I moved onto Japanese whiskey and enjoyed a beautiful sunset from another park along the lake, taking a short walk and then racing home to beat my 10pm curfew. The next day I found myself looking at what I never thought I’d see in Japan – BEAUTIFUL sandy beaches and surf breaks. The train in northern IMG_0234 Honshu runs along the coast, through tunnels and little towns nestled between cliffs. It felt a lot like the Oregon or Northern Californian coast. I stopped off at Higashihama, where the train stops 100m from the ocean. I spent the day reading, wishing I had a surf board and relaxing.  Eventually ( I debated camping out there), I jumped back on the train for a few stations to find a hostel my guide book recommended. After hiking up a huge hill for 20 minutes to find a complete deserted hostel I walked back into town and began aimlessly searching for the hostel I didn’t realize I had walked right past 100 yards from the train station an hour prior… As I strolled around a guy on a bike walked up to me (I stick out like a sore thumb) and said “are you looking for the hostel? Follow me, its in my house.”  Easy enough.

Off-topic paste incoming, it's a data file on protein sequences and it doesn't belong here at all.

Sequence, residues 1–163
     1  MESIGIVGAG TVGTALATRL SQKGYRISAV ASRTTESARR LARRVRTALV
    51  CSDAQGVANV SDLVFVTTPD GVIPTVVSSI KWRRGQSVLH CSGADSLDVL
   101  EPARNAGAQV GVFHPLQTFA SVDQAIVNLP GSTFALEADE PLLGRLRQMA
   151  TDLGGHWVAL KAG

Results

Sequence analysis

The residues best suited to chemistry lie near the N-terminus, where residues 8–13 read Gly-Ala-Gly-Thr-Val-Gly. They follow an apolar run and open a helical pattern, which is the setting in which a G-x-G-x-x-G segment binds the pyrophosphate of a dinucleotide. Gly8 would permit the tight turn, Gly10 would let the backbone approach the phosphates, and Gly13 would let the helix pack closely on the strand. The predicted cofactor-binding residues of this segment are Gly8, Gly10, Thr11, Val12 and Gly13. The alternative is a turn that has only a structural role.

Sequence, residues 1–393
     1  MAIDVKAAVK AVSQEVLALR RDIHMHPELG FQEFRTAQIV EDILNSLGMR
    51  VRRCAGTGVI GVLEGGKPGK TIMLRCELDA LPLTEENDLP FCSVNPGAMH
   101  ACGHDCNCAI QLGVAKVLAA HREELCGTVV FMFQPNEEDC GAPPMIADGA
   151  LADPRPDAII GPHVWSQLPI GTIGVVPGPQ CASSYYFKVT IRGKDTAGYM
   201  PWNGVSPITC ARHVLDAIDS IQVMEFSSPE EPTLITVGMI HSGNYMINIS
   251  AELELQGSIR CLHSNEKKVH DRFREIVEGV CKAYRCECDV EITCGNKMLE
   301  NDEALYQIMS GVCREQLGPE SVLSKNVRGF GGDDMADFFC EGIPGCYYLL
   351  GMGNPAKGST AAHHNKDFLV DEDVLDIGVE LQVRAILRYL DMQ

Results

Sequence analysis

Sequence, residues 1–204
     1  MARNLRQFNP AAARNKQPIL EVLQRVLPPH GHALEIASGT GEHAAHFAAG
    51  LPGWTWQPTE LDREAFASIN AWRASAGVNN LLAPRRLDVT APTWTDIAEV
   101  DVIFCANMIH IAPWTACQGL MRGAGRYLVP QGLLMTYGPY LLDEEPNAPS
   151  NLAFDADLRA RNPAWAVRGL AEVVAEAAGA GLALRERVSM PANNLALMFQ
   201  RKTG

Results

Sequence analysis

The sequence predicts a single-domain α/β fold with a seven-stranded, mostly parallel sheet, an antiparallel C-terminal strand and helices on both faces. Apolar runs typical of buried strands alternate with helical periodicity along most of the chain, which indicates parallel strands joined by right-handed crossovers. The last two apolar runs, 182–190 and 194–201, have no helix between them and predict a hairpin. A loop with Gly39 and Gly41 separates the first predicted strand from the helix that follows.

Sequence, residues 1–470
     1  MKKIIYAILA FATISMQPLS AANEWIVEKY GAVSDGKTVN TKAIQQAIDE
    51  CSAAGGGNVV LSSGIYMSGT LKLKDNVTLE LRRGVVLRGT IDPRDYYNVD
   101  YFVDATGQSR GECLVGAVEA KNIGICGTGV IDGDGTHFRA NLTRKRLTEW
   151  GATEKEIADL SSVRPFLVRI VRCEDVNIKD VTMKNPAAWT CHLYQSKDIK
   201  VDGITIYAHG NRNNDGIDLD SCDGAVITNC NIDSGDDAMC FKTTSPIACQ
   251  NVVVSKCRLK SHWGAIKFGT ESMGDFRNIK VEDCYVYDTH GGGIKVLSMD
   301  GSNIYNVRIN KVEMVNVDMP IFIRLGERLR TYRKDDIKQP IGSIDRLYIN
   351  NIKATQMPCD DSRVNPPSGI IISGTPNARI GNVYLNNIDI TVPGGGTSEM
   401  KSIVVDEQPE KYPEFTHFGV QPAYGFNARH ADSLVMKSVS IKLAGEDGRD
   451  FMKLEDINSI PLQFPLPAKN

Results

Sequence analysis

After cleaning up I found the only restaurant in two towns (a mile walk) that was open – I Chinese place in the next town, and to my excitement had pictures of the food outside in the window! A few minutes I was literally writing in my guide book how I love getting off the beaten path into the middle of nowhere but an experience in a place like this is limited w/o communication. As I finished up that sentence, the owners son (Hiyato) told me he spoke English and that’s where the fun began. They were extremely curious about me and America – as is typical of us lofty Americans, I knew very little about their politics or much of anything about modern Japan. It really didn’t matter as the stereotypical old guy at the end of the bar kept buying drinks for me. We had some great laughs and Mom even brought me some fresh strawberries – a DELICACY after what I’d been eating the past week. In the end Hiyato drove me back to my hostel so I could once again make my curfew.